Genetically Killing Off Zika With Infected Mosquitoes

EPA authorizes turning mosquitoes into a biopesticide to stop the Zika virus from spreading

Mosquito-borne illnesses have plagued humans for centuries. The solution to stopping the spread of the Zika virus just might be more mosquitoes.

But, these are not your common mosquitoes.

New science is turning these flying pests into a ‘biopesticide' to stop the Zika virus from spreading further.

The Environmental Protection Agency (EPA) announced its approval for the release of a common insect-infecting bacteria called ZAP Males® to reduce mosquito populations in 20 states and the District of Columbia.

The EPA says Zap Males can reduce mosquito populations that can spread diseases, including the Zika virus.

ZAP Males are live male mosquitoes that are infected with the ZAP strain, a particular strain of the Wolbachia bacterium, a naturally occurring bacteria commonly found in most insect species.

After being infected, these male mosquitoes mate with females, which then produce offspring that do not survive.

With continued releases of the ZAP Males, local Aedes albopictus or Asian Tiger mosquito populations decrease.

This EPA time-limited authorization enables MosquitoMate, Inc. to sell ZAP Males for five years in the District of Columbia and California, Connecticut, Delaware, Illinois, Indiana, Kentucky, Massachusetts, Maine, Maryland, Missouri, New Hampshire, New Jersey, Nevada, New York, Ohio, Pennsylvania, Rhode Island, Tennessee, Vermont, and West Virginia.

Before the ZAP Males can be used in each of those jurisdictions, it must be registered in the state or district. When the five-year authorization terminates, the registration will expire unless the registrant requests further action from EPA.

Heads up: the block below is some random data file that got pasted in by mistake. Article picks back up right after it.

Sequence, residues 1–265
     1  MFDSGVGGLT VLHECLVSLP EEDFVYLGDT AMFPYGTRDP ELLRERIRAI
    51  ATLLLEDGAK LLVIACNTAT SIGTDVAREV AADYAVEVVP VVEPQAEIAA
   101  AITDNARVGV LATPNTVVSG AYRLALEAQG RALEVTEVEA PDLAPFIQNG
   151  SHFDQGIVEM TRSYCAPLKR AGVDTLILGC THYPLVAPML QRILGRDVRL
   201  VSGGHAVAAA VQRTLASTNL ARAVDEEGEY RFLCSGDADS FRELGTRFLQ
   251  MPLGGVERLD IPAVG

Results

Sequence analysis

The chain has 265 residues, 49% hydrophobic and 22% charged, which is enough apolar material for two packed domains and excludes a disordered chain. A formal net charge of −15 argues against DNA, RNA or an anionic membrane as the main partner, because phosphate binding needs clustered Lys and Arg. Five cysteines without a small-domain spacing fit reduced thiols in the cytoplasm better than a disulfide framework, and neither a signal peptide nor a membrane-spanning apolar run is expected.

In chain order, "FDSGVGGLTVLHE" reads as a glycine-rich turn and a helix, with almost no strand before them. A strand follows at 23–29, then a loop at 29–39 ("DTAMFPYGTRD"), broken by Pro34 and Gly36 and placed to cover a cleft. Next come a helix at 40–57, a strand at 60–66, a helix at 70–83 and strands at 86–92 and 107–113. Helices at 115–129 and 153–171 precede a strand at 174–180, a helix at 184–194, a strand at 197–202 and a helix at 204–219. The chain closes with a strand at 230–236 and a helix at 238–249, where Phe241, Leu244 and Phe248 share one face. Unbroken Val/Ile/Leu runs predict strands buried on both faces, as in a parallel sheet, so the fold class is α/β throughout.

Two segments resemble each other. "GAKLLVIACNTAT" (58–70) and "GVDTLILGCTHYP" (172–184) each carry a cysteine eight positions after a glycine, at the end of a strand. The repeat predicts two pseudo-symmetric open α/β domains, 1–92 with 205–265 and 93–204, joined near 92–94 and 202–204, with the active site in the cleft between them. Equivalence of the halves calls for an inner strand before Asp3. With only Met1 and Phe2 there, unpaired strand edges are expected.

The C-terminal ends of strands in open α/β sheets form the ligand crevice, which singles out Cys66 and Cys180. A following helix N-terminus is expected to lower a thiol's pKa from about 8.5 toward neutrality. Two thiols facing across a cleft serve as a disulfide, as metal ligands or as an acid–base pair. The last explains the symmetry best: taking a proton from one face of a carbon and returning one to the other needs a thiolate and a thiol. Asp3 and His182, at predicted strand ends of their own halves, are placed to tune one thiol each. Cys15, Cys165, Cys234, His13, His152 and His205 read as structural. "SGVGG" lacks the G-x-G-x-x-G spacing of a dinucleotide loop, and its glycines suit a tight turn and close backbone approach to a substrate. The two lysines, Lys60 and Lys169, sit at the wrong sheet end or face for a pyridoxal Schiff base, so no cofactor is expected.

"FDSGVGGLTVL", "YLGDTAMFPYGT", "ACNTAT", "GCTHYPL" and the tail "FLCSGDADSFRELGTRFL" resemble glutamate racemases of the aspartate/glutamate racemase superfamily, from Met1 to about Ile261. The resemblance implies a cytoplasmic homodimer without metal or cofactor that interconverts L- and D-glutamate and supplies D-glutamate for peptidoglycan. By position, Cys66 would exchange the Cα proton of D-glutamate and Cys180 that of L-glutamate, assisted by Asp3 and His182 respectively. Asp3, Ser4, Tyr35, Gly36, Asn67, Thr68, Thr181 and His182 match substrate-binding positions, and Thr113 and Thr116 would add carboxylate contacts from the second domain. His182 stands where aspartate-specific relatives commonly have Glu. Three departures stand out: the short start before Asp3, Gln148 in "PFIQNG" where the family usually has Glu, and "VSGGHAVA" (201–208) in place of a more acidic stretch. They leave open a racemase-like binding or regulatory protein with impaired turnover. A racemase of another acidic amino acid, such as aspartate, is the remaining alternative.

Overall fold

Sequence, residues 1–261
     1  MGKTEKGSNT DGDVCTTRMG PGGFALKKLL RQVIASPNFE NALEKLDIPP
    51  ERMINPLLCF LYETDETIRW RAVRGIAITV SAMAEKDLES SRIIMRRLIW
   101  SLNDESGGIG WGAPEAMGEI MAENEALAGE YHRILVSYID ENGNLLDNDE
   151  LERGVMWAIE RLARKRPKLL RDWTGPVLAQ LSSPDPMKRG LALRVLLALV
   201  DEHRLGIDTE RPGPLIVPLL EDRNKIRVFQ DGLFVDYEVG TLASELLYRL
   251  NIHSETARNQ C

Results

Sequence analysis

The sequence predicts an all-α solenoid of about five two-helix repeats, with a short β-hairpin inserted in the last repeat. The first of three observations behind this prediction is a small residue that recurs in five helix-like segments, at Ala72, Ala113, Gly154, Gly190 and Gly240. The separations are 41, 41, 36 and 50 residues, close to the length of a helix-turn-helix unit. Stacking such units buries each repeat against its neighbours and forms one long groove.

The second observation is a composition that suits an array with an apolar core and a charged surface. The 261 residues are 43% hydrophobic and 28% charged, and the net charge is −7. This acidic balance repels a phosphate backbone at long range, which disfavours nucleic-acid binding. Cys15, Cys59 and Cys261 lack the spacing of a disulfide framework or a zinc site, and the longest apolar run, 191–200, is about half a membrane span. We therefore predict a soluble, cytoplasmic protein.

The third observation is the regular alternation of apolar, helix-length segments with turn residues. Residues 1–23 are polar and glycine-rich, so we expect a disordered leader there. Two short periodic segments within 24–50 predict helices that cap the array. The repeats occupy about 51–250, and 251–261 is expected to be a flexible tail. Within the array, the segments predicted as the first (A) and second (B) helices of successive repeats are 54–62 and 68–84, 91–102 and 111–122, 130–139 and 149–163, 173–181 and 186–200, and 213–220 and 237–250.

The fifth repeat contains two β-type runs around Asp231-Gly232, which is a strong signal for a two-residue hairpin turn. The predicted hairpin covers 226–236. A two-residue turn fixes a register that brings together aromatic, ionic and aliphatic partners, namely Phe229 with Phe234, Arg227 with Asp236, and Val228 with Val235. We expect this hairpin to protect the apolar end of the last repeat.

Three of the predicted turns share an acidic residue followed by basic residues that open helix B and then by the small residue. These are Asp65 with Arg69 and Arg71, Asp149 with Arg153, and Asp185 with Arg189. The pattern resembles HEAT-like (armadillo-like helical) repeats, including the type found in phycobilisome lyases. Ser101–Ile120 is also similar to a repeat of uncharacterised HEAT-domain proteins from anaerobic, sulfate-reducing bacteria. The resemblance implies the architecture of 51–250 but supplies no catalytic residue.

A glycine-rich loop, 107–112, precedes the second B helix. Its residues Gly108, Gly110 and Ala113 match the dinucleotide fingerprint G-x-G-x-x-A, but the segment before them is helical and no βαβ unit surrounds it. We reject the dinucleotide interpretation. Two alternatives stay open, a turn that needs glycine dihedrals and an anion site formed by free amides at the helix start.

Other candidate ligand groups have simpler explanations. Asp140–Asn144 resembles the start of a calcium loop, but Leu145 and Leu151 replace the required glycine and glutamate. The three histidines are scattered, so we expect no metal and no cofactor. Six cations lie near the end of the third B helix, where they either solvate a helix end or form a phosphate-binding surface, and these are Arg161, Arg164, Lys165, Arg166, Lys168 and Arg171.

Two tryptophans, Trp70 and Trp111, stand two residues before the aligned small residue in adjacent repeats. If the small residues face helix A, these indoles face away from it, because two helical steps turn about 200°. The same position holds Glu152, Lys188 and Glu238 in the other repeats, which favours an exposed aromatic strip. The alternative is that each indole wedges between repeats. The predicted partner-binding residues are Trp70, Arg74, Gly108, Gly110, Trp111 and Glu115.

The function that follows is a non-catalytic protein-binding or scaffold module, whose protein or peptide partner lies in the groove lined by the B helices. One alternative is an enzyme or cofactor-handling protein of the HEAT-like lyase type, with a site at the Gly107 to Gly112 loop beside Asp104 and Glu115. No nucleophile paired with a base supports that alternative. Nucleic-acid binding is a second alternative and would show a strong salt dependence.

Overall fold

Currently, the EPA has only approved ZAP Males that target Asian Tiger mosquitoes.

Since June, 2017, MosquitoMate has been testing the effectiveness of ZAP Males near Key West, Fla.

Male Aedes aegypti mosquitoes were released at 25 locations in the Key West area. At each point, 1,000 male mosquitoes were released three times per week for a total of 75,000 male mosquitoes each week.

According to Dr. Stephen Dobson with MosquitoMate, Inc., “Male mosquitoes do not bite, and Wolbachia is not harmful to humans.”

The Florida test “ended a bit early due to Hurricane Irma,” Dr. Dobson told Lex18 News

MosquitoMate, Inc., a Lexington, KY based company, is a privately-held biotechnology company, founded on Intellectual Property developed at the University of Kentucky, Department of Entomology.

The EPA’s risk assessments, and pesticide labeling, and the registration decision, can be found under docket number EPA-HQ-OPP-2016-0205.